Chronic Lameness Occurs in Some Cats After Declaw

In a review of multiple studies involving a total of 582 declawed cats, five suffered from persistent lameness after declaw surgery. That’s 0.86 percent, or 1 cat in 116 that are declawed.
When a cat is declawed, the end of each toe is amputated. The procedure is quite painful, so veterinarians give pain medication before, during and after the surgical procedure.
Signs of pain may include limping and lameness, reluctance to run or jump, presenting a guarded posture, sitting up like a prairie dog or diminished appetite.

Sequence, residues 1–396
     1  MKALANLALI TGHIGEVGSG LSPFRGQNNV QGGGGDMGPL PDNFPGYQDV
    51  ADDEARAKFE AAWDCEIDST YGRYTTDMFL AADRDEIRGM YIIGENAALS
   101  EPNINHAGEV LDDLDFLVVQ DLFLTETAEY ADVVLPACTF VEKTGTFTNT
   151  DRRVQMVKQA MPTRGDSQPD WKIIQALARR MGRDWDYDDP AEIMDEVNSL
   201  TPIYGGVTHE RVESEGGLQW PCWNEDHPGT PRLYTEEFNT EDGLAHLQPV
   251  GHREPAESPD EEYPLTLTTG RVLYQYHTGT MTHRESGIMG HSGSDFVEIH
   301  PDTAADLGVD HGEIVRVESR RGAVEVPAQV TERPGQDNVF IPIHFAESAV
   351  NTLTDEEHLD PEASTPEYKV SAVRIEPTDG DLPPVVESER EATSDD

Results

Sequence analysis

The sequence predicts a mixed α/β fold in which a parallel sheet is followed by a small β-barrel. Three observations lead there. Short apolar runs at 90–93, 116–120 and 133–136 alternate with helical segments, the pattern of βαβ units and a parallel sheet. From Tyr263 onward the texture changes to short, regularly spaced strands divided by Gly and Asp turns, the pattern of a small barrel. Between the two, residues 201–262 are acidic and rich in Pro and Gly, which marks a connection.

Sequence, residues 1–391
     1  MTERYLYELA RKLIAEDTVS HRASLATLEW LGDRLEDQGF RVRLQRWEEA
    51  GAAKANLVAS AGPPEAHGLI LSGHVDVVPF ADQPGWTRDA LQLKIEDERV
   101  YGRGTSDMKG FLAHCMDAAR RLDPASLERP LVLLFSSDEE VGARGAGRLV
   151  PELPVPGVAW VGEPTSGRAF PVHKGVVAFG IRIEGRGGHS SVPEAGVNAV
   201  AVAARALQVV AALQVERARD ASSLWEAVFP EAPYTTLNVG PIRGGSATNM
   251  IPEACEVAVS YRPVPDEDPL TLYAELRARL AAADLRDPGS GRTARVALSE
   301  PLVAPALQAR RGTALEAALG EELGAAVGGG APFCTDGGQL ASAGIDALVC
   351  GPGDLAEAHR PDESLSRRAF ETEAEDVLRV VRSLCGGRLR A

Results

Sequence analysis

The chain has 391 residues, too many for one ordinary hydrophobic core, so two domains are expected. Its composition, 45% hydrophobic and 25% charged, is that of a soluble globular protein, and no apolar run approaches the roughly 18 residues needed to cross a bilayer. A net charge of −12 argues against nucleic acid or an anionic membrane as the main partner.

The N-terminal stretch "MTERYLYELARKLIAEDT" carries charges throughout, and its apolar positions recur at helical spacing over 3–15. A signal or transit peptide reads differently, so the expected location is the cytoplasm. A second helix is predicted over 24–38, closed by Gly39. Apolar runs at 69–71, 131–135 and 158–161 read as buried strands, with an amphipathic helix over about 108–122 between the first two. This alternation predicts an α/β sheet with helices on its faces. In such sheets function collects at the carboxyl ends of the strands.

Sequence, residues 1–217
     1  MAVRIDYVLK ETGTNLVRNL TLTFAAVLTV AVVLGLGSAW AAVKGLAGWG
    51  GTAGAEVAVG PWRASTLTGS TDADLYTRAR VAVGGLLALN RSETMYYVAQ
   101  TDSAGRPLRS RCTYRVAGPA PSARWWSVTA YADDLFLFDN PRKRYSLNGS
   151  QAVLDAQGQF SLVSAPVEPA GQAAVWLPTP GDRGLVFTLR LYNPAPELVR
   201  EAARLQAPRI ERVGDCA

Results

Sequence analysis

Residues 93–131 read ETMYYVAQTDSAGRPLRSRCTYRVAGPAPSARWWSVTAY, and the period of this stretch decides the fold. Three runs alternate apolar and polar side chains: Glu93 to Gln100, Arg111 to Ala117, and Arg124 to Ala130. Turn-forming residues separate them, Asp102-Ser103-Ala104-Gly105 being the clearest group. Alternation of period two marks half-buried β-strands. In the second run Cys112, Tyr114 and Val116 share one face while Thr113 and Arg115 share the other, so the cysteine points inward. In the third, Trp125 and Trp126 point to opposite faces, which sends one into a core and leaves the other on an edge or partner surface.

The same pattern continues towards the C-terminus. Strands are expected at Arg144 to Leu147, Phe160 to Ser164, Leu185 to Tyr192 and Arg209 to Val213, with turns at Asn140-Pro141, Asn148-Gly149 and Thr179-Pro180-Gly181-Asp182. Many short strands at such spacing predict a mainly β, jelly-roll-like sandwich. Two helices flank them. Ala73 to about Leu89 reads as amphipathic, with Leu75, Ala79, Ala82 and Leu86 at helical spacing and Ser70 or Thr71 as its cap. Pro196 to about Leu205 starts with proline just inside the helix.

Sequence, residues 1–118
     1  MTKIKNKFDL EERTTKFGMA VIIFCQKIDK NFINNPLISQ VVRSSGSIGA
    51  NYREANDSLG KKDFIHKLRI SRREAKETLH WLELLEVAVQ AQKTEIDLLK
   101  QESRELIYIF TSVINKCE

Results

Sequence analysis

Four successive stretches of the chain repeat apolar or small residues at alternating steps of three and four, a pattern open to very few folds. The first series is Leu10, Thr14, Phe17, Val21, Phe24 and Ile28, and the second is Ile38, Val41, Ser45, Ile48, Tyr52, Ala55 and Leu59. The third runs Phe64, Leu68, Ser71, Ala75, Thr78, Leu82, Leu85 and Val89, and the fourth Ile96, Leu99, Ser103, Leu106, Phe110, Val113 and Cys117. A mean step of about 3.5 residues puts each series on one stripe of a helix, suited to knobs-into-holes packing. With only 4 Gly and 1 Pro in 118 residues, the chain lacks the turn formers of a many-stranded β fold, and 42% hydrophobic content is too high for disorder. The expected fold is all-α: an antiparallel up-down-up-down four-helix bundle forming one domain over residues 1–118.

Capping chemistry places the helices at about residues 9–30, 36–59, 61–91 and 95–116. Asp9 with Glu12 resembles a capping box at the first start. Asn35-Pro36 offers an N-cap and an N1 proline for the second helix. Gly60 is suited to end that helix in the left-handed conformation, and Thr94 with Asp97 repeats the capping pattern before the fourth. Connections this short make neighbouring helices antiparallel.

Most cats resume their normal activity within a couple of weeks after surgery. Of course, we cats are stoic, so often it’s difficult to determine just how uncomfortable we are and for how long after the procedure.
If you’d rather not subject your cats to the risk of chronic pain, you can do what my mom does: She regularly trims my claws, and she offers me several legal objects to scratch. Soft plastic claw covers work well, too.

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